Sen. Jesse Kiehl, D-Juneau, speaks in support of an amendment on the Senate floor at the Alaska State Capitol on Wednesday, May 1, 2019. (Alex McCarthy | Juneau Empire)

Sen. Jesse Kiehl, D-Juneau, speaks in support of an amendment on the Senate floor at the Alaska State Capitol on Wednesday, May 1, 2019. (Alex McCarthy | Juneau Empire)

Senate passes budget, with full PFD

Budget goes back to House, which favors smaller dividend

Juneau’s senator stood alone at the end of a long day of debates Wednesday, as he was the lone senator to vote against the body’s budget proposal.

Sen. Jesse Kiehl, D-Juneau, was the only detractor on a budget that preserved a full $3,000 Alaska Permanent Fund dividend. The proposal cut about $258 million of spending, according to the Senate Majority, which is more than what the House proposed and less than what Gov. Mike Dunleavy proposed in his budget.

On the floor, Sen. Bert Stedman (co-chair of the Senate Finance Committee) said that having a full PFD puts the Senate proposal more than $1 billion over budget. The budget now goes back to the House, which proposed a budget that allows for about a $1,200 PFD.

“When you’re 1.1 billion short on about $5 billion, the numbers just don’t work,” Kiehl said in an interview afterward. “It’ll be a different bill when it comes back. We’ll have something very different in front of us and we’ll evaluate that based on what’s really in it.”

Sen. Jesse Kiehl, D-Juneau, speaks in support of an amendment on the Senate floor at the Alaska State Capitol on Wednesday, May 1, 2019. (Alex McCarthy | Juneau Empire)

Sen. Jesse Kiehl, D-Juneau, speaks in support of an amendment on the Senate floor at the Alaska State Capitol on Wednesday, May 1, 2019. (Alex McCarthy | Juneau Empire)

Once the Legislature has its budget proposal together, it will go to Dunleavy, who has the ability to veto the budget.

The most anticipated vote of the day was on the amount of the permanent fund dividend. Sen. Chris Birch, R-Anchorage, proposed cutting the PFD from $3,000 to $1,200. He said issuing a smaller PFD this year will help set the fund up for a brighter future.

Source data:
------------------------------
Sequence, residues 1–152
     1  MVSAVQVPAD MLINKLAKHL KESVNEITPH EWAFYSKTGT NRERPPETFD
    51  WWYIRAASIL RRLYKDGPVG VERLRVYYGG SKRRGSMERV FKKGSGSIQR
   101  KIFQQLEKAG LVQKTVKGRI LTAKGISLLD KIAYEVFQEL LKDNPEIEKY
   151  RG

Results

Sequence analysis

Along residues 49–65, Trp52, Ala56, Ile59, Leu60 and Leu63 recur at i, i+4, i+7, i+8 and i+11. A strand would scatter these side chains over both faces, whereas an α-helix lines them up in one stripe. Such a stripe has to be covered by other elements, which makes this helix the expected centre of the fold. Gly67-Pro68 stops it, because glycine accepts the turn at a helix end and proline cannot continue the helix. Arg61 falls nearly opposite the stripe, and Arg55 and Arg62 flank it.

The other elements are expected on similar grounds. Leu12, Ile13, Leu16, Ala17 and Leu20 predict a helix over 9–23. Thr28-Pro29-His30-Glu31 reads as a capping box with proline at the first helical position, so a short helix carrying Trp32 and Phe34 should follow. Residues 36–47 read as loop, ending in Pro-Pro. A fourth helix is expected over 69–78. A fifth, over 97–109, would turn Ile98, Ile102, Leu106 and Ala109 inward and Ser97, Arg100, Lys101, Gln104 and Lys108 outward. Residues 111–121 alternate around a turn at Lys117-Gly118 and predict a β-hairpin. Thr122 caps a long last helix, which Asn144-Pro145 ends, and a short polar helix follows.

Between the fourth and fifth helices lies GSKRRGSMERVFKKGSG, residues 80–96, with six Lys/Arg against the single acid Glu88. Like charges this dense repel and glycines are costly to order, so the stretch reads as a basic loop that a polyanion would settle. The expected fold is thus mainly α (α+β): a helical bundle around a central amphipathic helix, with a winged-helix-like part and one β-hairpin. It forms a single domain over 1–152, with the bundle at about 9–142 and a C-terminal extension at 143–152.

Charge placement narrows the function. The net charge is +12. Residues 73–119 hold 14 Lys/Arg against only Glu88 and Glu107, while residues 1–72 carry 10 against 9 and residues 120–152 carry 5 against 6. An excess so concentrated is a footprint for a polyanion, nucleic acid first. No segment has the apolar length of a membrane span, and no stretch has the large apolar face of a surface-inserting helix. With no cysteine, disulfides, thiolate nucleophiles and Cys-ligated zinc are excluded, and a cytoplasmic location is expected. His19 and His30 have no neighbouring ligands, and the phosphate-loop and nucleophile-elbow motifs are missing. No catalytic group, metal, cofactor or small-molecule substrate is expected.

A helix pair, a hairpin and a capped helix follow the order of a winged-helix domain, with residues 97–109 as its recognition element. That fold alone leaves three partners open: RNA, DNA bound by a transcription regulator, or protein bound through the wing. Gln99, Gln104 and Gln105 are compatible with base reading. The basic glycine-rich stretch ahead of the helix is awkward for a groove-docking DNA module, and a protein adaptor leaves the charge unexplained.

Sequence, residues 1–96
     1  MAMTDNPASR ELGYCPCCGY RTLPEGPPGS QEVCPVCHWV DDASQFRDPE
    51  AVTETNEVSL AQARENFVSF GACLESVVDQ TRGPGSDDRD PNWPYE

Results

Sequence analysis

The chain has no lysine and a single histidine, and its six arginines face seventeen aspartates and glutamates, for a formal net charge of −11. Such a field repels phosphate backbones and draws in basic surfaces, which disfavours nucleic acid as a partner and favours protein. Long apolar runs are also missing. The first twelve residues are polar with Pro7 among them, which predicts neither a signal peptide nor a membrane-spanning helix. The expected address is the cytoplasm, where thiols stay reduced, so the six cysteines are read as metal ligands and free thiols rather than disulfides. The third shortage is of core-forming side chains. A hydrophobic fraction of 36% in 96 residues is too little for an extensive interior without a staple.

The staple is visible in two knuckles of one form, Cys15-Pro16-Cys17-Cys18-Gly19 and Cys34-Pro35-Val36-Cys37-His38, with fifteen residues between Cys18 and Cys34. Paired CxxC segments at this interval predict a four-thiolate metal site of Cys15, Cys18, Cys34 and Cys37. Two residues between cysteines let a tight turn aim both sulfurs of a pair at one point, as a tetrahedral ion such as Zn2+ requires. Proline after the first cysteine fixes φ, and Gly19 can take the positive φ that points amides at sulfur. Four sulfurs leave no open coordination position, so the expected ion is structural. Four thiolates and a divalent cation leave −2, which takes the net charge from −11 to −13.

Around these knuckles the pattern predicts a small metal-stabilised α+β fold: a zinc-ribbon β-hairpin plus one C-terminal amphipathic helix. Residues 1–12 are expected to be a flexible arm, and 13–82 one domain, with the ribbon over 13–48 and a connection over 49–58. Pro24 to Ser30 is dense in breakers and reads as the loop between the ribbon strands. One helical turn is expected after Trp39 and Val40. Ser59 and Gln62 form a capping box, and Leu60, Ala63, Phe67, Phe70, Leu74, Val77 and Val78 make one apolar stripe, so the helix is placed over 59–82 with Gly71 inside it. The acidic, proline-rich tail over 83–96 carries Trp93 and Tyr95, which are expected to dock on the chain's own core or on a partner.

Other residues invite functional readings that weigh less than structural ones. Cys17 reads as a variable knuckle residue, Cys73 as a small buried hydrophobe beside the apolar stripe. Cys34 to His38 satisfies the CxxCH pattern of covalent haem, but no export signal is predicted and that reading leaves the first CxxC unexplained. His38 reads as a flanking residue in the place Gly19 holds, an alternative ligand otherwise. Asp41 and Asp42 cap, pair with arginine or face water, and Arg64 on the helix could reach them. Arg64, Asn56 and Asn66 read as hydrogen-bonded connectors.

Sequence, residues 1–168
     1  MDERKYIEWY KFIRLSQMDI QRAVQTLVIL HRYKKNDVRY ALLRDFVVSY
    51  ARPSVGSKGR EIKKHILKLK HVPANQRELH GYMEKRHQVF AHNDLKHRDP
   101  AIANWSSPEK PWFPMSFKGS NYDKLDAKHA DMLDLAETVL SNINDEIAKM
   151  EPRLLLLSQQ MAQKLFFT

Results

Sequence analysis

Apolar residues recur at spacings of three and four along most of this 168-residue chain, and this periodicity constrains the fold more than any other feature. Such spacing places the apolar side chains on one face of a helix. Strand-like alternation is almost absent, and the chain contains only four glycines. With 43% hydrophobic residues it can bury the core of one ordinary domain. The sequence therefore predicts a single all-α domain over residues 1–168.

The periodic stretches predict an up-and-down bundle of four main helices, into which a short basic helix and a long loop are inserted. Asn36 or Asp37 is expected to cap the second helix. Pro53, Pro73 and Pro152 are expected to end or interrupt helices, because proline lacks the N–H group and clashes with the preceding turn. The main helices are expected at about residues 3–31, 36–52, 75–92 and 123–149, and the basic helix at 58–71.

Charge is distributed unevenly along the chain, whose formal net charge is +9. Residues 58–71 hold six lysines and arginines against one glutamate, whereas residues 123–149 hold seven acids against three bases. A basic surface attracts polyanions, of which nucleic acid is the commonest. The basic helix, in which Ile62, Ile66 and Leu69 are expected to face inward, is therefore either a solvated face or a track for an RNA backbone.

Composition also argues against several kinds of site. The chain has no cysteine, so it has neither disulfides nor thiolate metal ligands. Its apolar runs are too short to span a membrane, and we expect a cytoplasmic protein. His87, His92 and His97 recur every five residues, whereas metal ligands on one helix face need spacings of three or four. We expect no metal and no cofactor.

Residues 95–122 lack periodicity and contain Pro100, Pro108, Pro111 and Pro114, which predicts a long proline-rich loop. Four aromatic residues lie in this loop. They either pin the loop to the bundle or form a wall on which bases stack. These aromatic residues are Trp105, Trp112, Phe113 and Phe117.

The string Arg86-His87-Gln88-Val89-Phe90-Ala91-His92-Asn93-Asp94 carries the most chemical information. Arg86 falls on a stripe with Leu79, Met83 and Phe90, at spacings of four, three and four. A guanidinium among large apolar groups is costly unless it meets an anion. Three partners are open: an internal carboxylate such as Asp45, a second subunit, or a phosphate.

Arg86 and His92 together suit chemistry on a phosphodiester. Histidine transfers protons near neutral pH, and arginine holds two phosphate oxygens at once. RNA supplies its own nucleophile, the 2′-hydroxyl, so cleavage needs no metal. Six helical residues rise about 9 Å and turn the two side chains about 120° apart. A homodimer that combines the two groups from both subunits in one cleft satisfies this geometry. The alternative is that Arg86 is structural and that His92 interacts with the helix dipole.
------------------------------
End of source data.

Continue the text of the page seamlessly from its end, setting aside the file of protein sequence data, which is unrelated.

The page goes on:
“This would put us on a more sustainable course,” Birch said on the floor.

That amendment was soundly defeated by a 17-3 margin. Kiehl was a “yes” vote, alongside Birch and Sen. Natasha von Imhof (the other co-chair of the Senate Finance Committee). Von Imhof, an Anchorage Republican, said prior to the overall budget vote that she was going to vote in favor of it but was tentative about some parts of it. Kiehl said on the floor and afterward that he felt the senators should have voted not on the budget that might come later, but at the budget proposal in front of them Wednesday.

The Senate Majority caucus stuck together on almost every vote Wednesday, rejecting more than a dozen attempts from Senate Minority members to change the Senate’s budget proposal. Other amendments voted down included more funding for the Alaska Marine Highway System to increase service in the winter, more Medicaid funding and more funding for prosecutors and courts.

A few small budget increases were accepted Wednesday, including $800,000 for the Senior Benefits Program.

Sen. Tom Begich, the Senate Majority leader, said in a statement after the vote that it was a difficult process to cut the budget and preserve funding for vulnerable citizens.

“This is a budget that no one loves,” Begich said, “but in this fiscal climate, we were able to prioritize basic public needs to keep our economy afloat and protect the most vulnerable Alaskans.”

Senate President Cathy Giessel, left, listens to Senate leaders on the floor at the Alaska State Capitol on Wednesday, May 1, 2019. (Alex McCarthy | Juneau Empire)

Senate President Cathy Giessel, left, listens to Senate leaders on the floor at the Alaska State Capitol on Wednesday, May 1, 2019. (Alex McCarthy | Juneau Empire)

In a press conference following the vote, von Imhof said negotiations with the House will start next week. There are just two weeks left until the 121st day of session — which the Alaska Constitution mandates must be the final day of session — but Stedman has been confident that the Legislature will finish its job on time.

He said this is a fairly normal timeline, and that despite the House taking a month to get organized, the Senate has not experienced a calendar delay yet. Two weeks, he said, is a long time in “political time,” and he’s confident the Legislature will have a balanced budget on Dunleavy’s desk by May 15.

“We’re not leaving town with a $1.2 billion hole,” Stedman said.

Sen. Natasha von Imhof, R-Anchorage, right, speaks to reporters while Sen. Bert Stedman, R-Sitka, stands by outside the Senate chambers on Wednesday, May 1, 2019. The two are the co-chairs of the Senate Finance Committee. (Alex McCarthy | Juneau Empire)

Sen. Natasha von Imhof, R-Anchorage, right, speaks to reporters while Sen. Bert Stedman, R-Sitka, stands by outside the Senate chambers on Wednesday, May 1, 2019. The two are the co-chairs of the Senate Finance Committee. (Alex McCarthy | Juneau Empire)


• Contact reporter Alex McCarthy at amccarthy@juneauempire.com. Follow him on Twitter at @akmccarthy.


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